“It’s her birthday,” I say to the man sitting at my bed. He’s young, dressed in white. His clothes look familiar. That long apron, the hood, those black beads at his side. I recognize his clothing . . .
“Whose birthday, Master?” he asks, looking up from his book.
Oh, a book! My gaze flows from his face to the book in his lap. What is he reading? I hope it’s about Scripture. Maybe he’ll read to me from his book. Or is it my book? What’s he doing with my book? He has no right to take my book when I’m here—
“Master?” the young man speaks.
“Uh—what do you want?” I reply.
“You said it’s someone’s birthday. Whose?”
“Birthday?” I reply. Is it my birthday? How old am I? Let’s see, I’d be . . . I can’t remember what year it is. In my late 70s, probably. How about that, a man teaching into his 70s! Great, indeed. I still have much to offer my brothers. I can teach theology, philosophy, botany, biology, astronomy. Anything. They say I have the greatest mind in Europe. I should be proud. But it’s not for me, it’s for them, that they may become thinkers greater than I and save souls with their preaching.
I remember a beautiful lady dressed in white, a blue cloak around her shoulders and stars around her head. She appeared to me when I was . . . how old was I? I was in Cologne. Or Paris? Or maybe . . . Hmm, I forget. She gave me my life, I know that! I was doubting whether to become . . . Hmm, become what? A bishop! That’s it. No, that’s not right. I never wanted to become a bishop, although I did so at the Pope’s request. I wanted to be a . . . priest maybe. Wait, am I priest? Did I join—
The memory races back, the vision of that beautiful lady. My memory is so weak; I look into my past, discovering hardly more than shadows. I scan the encyclopedia of my mind, which once held almost all knowledge acquirable, but I can’t seem to open that encyclopedia anymore. I’m known as the greatest thinker alive; people even call me “the Great” because of my intelligence! Everything I’ve accomplished is due to intelligence. But now that flees me, abandoning me. I’m left in darkness and confusion. Where once was expertise and wisdom, now is shadows and empty cells.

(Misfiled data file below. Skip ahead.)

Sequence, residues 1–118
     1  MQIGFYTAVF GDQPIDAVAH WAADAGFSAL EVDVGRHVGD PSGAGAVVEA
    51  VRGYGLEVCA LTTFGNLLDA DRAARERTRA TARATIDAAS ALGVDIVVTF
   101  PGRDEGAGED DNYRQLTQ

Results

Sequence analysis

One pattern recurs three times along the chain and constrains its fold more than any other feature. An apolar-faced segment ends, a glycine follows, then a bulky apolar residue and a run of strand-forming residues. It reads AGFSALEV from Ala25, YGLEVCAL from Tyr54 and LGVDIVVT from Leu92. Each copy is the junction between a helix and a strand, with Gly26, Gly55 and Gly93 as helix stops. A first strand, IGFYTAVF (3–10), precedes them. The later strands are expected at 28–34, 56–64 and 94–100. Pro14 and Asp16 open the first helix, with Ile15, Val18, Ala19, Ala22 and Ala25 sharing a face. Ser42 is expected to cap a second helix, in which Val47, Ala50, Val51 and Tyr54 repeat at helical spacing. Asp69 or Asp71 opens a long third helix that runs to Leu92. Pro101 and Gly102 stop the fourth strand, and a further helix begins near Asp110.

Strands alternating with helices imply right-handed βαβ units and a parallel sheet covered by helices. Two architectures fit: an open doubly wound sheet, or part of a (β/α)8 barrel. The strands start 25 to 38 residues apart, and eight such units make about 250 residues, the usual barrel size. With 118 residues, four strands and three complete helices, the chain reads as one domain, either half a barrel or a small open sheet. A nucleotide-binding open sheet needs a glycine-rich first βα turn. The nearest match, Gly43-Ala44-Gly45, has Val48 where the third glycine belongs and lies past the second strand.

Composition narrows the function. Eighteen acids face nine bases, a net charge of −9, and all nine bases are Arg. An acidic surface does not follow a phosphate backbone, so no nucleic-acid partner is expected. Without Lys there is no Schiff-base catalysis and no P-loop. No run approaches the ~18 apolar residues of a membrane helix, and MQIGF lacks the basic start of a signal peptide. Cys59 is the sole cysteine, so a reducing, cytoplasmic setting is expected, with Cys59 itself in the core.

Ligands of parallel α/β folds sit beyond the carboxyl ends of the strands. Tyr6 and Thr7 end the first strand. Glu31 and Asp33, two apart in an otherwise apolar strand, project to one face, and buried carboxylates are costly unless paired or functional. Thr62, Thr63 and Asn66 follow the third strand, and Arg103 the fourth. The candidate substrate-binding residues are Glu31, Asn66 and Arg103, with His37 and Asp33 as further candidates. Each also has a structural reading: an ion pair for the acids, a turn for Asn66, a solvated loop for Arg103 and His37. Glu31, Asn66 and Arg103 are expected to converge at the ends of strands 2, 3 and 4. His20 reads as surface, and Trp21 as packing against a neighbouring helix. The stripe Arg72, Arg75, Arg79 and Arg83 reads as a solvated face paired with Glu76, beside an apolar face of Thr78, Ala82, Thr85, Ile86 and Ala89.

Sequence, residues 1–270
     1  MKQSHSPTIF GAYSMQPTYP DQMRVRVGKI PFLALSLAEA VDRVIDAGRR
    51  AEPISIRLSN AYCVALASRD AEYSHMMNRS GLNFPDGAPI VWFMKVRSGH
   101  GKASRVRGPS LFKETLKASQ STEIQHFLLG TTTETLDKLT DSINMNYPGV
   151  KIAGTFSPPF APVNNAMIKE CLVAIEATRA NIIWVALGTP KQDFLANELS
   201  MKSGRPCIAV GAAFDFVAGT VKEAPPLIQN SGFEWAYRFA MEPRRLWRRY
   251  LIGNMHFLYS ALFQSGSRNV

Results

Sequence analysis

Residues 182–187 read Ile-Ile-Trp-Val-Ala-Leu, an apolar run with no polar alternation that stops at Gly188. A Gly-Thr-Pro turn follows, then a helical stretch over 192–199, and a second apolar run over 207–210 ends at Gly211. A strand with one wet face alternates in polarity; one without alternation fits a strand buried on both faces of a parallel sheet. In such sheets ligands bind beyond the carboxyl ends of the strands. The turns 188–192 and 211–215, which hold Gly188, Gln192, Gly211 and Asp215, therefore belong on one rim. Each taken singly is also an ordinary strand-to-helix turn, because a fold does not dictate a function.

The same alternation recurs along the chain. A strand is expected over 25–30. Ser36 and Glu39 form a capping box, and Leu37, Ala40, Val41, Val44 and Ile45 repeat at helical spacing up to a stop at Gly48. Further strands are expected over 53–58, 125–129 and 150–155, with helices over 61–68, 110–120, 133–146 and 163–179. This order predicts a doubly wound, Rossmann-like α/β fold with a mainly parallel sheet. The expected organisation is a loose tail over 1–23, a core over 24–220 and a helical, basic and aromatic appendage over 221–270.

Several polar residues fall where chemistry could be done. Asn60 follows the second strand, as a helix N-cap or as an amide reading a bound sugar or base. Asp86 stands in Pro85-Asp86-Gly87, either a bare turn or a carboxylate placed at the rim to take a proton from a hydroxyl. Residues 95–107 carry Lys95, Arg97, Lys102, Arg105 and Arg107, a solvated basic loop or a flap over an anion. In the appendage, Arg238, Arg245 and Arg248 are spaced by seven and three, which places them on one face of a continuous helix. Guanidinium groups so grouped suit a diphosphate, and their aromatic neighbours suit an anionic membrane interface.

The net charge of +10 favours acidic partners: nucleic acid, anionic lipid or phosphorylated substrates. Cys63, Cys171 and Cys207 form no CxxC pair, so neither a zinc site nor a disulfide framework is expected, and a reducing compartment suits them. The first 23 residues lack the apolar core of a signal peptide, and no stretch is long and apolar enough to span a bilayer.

The memory of that beautiful Lady! I forget her words, but I see her, oh so beautiful, drawing me to her Son! She appeared and told me to join whatever it is I joined. Even when my mind flees me, I still have her before me, smiling. She was present throughout life, even when I couldn’t see her. She protected me, guided me, granted me wisdom. I was her special son, receiving her abundant love, and her love guided me into her true Son.
“Say,” I speak to the man sitting at my bed. He’s young, dressed in white. His clothes look familiar. That long apron, the hood, those black beads at his side. I recognize his clothing . . . “What is today’s date?”
“September 8th, Master Albert.”
“September 8th! Why, it’s her birthday! My Blessed Mother. Quick, fetch some flowers and place them at her altar! Be grateful for her love and protection; when everything else abandons you, when all friends and family have died, when strength is gone and vision and memory fade, all that’s left is the love of the Blessed Mother and the infinite Love and Mercy of her Divine Son, Christ our Lord.”
The young man sets the book aside and stands, apparently leaving the room.
“Where are you going?” I ask. “Don’t leave me.”
“But Master,” he replies. “You told me to fetch some flowers.”
“I did?” I say. “Well, never mind that. Stay here with me. I don’t recognize this room, and I don’t want to be alone. Read to me from that book.”
“Yes, Master Albert. It’s by our brother, Thomas. You remember him, don’t you? He was your pupil.”
My vision darkens and his voice fades away. A tune enters my mind, a birthday song for my glorious Mother, the Blessed Virgin Mary: